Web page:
New Immigration Law Tops Agenda as Germany Seeks Coalition
Germany’s president has called for a new immigration law. The proposal is the clearest sign yet of the increased importance of migration following German elections.
President Frank-Walter Steinmeier said Germany must be able to distinguish between economic migrants and refugees in need of protection. His speech was an unusual foray into policy for a largely ceremonial presidency.
Germany’s anti-immigrant far right made gains in recent elections and Chancellor Angela Merkel must now piece together a new coalition. Migration remains among the principle obstacles, with some potential partners favoring a cap on new arrivals.
Merkel opposes this, as do prospective partners in a new government, such as the Greens. The liberal Free Democrats (FDP), another party expected to join the coalition, advocates a Canadian-style points system to allow migrants to plug gaps in Germany’s labor market.
However, senior members of the Christian Democrat Union, which is part of Merkel’s own alliance, insist that a migrant cap is necessary to prevent absolute numbers from rising.
Bavarian economy minister Ilse Aigner demanded an annual cap of 200,000 immigrants to prevent any recurrence of the 2015 crisis, “so that no back doors stay open and so there is no lack of clarity.”
Bangladesh to Fell Forest to Make Room for Rohingya Refugees
Bangladesh is to clear forest near its border with Myanmar to accommodate Rohingya refugees. With half a million people having crossed into Bangladesh, 400 hectares of forest land are urgently needed, officials said.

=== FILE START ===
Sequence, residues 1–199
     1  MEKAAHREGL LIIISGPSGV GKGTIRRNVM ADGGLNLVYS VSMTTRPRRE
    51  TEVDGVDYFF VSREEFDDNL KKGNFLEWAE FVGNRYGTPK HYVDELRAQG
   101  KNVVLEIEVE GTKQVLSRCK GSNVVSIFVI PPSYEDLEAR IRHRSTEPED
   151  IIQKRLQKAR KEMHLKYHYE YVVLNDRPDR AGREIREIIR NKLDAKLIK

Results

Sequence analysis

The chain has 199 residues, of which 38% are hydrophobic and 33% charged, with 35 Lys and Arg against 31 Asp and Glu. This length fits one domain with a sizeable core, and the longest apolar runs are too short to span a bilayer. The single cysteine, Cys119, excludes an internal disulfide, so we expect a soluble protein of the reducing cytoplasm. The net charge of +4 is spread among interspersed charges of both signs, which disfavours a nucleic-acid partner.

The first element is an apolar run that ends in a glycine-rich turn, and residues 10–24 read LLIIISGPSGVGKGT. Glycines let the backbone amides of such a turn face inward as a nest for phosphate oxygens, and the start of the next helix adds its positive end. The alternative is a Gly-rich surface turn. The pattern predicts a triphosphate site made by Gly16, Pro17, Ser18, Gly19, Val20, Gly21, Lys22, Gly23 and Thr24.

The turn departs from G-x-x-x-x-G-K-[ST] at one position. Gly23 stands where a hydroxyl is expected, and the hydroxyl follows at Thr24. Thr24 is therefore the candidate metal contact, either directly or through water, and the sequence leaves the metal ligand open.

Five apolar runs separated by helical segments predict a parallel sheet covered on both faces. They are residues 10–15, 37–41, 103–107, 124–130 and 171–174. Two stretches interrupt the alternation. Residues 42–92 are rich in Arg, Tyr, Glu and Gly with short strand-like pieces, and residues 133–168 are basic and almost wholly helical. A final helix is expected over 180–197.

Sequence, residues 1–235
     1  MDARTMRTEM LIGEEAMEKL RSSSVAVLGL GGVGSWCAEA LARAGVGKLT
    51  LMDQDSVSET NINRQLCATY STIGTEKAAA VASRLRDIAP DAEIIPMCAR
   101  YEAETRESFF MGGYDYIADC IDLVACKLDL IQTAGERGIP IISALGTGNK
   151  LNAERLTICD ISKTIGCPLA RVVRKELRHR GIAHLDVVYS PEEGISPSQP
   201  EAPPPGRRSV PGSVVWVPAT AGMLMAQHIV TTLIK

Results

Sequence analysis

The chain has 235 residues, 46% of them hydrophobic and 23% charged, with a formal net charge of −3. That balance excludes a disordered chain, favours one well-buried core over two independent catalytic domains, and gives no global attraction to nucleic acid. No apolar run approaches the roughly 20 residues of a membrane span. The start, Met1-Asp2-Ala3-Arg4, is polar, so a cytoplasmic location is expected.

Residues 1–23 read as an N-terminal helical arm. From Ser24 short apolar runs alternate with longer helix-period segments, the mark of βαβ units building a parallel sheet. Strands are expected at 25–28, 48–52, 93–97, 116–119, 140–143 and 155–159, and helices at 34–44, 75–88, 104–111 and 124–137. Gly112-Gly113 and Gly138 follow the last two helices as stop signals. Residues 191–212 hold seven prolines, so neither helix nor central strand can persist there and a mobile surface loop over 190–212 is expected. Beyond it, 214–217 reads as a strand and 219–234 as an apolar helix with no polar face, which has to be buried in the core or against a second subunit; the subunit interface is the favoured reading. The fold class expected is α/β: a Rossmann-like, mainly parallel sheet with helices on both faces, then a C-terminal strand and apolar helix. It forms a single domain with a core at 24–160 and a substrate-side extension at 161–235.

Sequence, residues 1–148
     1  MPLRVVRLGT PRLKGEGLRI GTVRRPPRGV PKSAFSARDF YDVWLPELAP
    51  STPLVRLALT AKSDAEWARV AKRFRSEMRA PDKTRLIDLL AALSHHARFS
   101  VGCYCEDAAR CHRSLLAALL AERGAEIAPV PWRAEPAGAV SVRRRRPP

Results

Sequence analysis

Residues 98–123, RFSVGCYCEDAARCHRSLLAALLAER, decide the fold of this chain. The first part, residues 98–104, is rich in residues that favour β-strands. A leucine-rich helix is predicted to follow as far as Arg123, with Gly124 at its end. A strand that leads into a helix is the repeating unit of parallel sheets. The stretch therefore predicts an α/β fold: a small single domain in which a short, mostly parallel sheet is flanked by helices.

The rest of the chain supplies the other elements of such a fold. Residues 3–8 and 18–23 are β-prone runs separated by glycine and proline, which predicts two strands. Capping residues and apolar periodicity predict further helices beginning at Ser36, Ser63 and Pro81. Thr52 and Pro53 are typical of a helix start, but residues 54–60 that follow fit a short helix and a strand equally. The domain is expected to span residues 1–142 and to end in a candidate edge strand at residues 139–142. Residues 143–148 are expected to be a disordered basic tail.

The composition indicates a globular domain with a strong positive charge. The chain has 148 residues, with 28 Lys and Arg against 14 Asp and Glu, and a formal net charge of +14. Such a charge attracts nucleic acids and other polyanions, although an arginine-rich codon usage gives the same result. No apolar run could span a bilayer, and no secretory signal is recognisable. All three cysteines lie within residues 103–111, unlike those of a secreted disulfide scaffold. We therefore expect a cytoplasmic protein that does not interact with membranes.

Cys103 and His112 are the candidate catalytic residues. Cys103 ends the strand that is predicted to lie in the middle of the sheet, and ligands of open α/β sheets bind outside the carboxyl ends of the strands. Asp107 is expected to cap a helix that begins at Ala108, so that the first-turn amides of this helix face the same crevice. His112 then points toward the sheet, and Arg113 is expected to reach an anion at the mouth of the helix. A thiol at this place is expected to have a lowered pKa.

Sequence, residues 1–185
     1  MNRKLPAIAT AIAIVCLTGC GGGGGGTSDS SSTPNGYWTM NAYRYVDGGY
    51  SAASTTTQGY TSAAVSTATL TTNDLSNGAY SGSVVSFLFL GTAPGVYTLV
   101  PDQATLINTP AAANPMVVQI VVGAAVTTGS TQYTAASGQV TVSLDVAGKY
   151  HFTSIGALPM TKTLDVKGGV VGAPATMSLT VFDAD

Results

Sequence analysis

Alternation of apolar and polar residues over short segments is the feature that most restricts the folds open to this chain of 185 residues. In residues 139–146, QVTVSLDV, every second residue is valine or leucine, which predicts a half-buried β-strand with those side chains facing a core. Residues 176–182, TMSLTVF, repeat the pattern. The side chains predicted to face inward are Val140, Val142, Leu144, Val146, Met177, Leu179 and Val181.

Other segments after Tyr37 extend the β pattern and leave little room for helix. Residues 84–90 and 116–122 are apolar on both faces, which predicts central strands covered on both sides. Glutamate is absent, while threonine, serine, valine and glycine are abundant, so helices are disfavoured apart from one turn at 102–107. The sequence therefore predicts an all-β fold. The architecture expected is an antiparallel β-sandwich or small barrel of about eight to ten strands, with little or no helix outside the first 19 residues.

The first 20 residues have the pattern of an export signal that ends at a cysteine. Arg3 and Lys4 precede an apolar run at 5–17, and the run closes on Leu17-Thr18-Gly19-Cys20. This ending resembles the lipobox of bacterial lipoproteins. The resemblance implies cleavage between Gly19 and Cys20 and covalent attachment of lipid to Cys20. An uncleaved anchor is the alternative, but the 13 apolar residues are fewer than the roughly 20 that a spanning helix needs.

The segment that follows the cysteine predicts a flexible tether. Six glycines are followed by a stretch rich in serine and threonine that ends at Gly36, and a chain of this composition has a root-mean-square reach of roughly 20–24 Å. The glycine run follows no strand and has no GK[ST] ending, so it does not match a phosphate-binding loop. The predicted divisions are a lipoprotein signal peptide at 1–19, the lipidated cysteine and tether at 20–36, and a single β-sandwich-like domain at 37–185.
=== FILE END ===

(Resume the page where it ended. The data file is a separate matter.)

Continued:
“The government allocated 2,000 acres when the number of refugees was nearly 400,000,” Mohammad Shah Kamal, Bangladesh’s secretary of disaster management and relief, told Reuters.
“Now the numbers have gone up by more than 100,000 and people are still coming. So, the government has to allocate 1,000 acres (400 hectares) of forest land.”
Aid workers will put up 150,000 tents once the trees are felled. In the past months there have been run-ins between wildlife, whose habitat is threatened, and the newly arrived refugee population. Wild elephants recently trampled two people to death.
Aid agencies and government officials remain adamant that more land is needed as the half-million arrivals since August join the 300,000 Rohingya already in the country, with more expected to flee their homeland.
“In over 20 years as a humanitarian worker I’ve never seen a situation like this, where people are so desperate for basic assistance and conditions so dire,” said Unni Krishnan, director of Save the Children’s Emergency Health Unit.
Rights Groups Call For E.U. Moratorium on Afghan Returns
Amnesty International has called for a moratorium on returning failed Afghan asylum seekers from Europe. The human rights group said the returns risked serious harm to those affected.
The report said returns had tripled from 3,290 in 2015 to 9,460 in 2016, despite heightened security threats in Afghanistan.
“In their determination to increase the number of deportations, European governments are implementing a policy that is reckless and unlawful,” said Amnesty’s Anna Shea.
Afghans have been second only to Syrians in seeking protection in Europe, with 108,455 first-time asylum seekers registered in the E.U. in the 12 months to June.
Some Afghans have been deported after failed claims while many others have been pushed to accept voluntary departure packages in order to receive small cash compensation.
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